For a full two years, I longed to see my children and to find out what was going on in their little lives. Every night for two years I cried myself to sleep. I hurt so much inside, I don’t know now however I managed to work during the day or remain emotionally undisturbed and stay sane. In moments of greatest desperation, I seriously contemplated abducting them from their school playground and taking them to Ireland where I was born. I knew that as an Irish citizen that I would be beyond the jurisdiction of the British Court there.
The loss of contact with my two children were two years out of my life and their little lives that can never be replaced. I was truly ‘down on my knees’ as today’s song reminds me. I do not know how I emotionally managed to survive those two years or how I managed to hold down my job? It is beyond my current comprehension how I managed to keep the law of the land and how I managed not to bite the bullet and give vent to my most angry feelings and have my wife committed to prison for her blatant and lengthy defiance of prior access orders of court? I don’t know how I emotionally got through this most emotionally difficult period of my life, but somehow, I managed it!
We will all most certainly get to be ‘down on our knees’ at least once during our life when circumstances and events knock us for a six when least expected and our feelings of separation, loss, bereavement or rejection has the power to lay us low and potentially keep us down. It is at such times in our lives we can only survive by standing up to what life throws at us again; and if another knockdown reoccurs, we need to stand up again, again and again. The only time our pride should allow us to stay down is when we are dead, and our body is nought but a corpse!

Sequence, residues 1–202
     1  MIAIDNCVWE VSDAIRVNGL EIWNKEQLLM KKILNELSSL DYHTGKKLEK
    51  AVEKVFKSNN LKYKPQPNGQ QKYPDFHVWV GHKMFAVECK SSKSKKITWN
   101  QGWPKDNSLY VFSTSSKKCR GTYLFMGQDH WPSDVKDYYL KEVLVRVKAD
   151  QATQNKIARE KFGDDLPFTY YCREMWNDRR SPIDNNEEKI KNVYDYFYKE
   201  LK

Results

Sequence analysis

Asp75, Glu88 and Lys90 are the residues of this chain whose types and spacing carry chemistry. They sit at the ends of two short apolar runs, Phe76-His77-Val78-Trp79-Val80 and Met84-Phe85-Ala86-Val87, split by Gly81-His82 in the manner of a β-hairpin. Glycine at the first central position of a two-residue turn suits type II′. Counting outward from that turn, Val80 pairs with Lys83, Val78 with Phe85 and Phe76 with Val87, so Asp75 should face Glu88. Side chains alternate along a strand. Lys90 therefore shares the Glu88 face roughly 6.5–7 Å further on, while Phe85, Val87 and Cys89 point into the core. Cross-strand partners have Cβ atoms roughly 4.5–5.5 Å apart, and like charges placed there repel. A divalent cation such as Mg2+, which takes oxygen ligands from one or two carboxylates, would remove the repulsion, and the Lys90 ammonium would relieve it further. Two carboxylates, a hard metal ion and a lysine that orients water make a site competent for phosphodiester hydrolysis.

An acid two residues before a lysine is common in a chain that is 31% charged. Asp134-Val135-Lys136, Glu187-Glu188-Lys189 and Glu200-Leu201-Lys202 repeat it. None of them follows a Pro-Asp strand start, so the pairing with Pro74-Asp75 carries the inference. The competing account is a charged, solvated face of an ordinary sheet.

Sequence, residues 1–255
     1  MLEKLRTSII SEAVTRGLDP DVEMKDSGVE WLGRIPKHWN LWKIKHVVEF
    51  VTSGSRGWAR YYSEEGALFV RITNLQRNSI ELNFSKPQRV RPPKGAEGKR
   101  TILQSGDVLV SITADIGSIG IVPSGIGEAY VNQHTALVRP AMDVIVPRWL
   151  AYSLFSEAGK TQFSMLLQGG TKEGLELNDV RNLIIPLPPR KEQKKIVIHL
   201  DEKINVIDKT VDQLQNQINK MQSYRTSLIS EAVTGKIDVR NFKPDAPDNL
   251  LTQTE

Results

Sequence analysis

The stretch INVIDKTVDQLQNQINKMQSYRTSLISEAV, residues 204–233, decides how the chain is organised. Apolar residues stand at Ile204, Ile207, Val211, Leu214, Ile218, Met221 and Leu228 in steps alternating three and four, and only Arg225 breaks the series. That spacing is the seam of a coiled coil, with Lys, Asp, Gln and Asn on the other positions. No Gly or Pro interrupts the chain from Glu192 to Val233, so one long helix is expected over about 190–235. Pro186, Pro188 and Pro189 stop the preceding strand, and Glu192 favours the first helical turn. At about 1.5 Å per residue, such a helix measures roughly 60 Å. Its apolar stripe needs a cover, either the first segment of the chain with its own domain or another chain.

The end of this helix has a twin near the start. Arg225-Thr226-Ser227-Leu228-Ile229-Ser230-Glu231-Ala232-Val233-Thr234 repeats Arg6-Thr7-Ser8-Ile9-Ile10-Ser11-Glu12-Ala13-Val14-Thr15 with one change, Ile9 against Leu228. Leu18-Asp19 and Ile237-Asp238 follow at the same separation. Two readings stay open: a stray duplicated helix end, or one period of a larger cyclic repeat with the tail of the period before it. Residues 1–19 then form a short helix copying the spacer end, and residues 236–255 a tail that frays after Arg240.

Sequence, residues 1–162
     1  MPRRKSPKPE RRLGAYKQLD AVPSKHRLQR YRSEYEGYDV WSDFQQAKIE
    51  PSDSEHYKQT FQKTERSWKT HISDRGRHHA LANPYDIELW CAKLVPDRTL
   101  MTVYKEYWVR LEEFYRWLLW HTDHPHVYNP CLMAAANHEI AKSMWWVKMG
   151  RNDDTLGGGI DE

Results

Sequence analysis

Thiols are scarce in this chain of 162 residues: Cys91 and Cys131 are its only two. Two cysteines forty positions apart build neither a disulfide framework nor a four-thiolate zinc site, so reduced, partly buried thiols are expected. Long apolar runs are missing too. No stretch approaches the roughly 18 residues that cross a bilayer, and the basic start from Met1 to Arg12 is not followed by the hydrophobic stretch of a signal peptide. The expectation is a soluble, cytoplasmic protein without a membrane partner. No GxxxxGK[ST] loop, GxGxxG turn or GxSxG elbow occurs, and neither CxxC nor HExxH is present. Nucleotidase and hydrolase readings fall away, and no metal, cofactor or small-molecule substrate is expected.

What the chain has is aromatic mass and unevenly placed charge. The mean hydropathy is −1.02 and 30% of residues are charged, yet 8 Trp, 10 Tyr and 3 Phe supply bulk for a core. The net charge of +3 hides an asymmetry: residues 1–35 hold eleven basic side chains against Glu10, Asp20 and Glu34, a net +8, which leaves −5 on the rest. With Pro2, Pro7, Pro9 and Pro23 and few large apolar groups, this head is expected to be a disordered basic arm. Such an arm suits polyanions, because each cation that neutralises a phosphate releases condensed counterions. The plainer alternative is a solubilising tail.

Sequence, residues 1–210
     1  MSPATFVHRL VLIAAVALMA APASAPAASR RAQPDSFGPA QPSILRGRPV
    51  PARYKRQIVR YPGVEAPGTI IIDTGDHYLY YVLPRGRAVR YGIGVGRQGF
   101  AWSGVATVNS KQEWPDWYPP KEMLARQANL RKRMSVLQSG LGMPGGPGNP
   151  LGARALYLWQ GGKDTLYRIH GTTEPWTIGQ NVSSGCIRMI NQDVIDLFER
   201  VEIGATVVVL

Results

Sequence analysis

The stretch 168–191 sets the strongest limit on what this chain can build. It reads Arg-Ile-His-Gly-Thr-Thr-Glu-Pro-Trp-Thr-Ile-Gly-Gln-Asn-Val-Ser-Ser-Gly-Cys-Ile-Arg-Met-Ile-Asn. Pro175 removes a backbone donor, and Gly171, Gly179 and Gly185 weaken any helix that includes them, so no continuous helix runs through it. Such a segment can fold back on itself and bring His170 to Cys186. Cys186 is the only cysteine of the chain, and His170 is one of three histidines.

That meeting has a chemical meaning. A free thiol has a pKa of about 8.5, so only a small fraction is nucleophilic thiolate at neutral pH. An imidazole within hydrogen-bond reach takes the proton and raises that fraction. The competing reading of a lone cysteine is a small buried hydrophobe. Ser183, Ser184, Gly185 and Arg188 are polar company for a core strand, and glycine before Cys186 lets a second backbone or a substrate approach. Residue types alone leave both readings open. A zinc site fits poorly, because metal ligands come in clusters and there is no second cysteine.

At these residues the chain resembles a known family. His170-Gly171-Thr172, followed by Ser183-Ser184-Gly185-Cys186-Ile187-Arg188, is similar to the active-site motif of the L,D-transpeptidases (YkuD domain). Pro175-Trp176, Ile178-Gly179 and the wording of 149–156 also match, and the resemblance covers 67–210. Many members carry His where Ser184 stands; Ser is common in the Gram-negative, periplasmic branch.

However, many knockdowns we experience, whatever the level of pain or the degree of hurt we feel, however many times we struggle back to our feet, whatever fete of strength and endurance it requires to stay standing, hear this clearly and believe it with every ounce of conviction you can muster: ‘THE MORE KNOCKDOWNS WE EXPERIENCE IN LIFE, AND THE MORE OFTEN WE SUCCESSFULLY STRUGGLE TO STAND BACK UP, THE STRONGER WE AUTOMATICALLY BECOME, AND THE EASIER IT IS TO STAND UP TO EVERY POTENTIAL KNOCKDOWN EVENT AND KNOCKOUT BLOW IN LIFE THAT FOLLOWS! ‘
Love and peace Bill xxx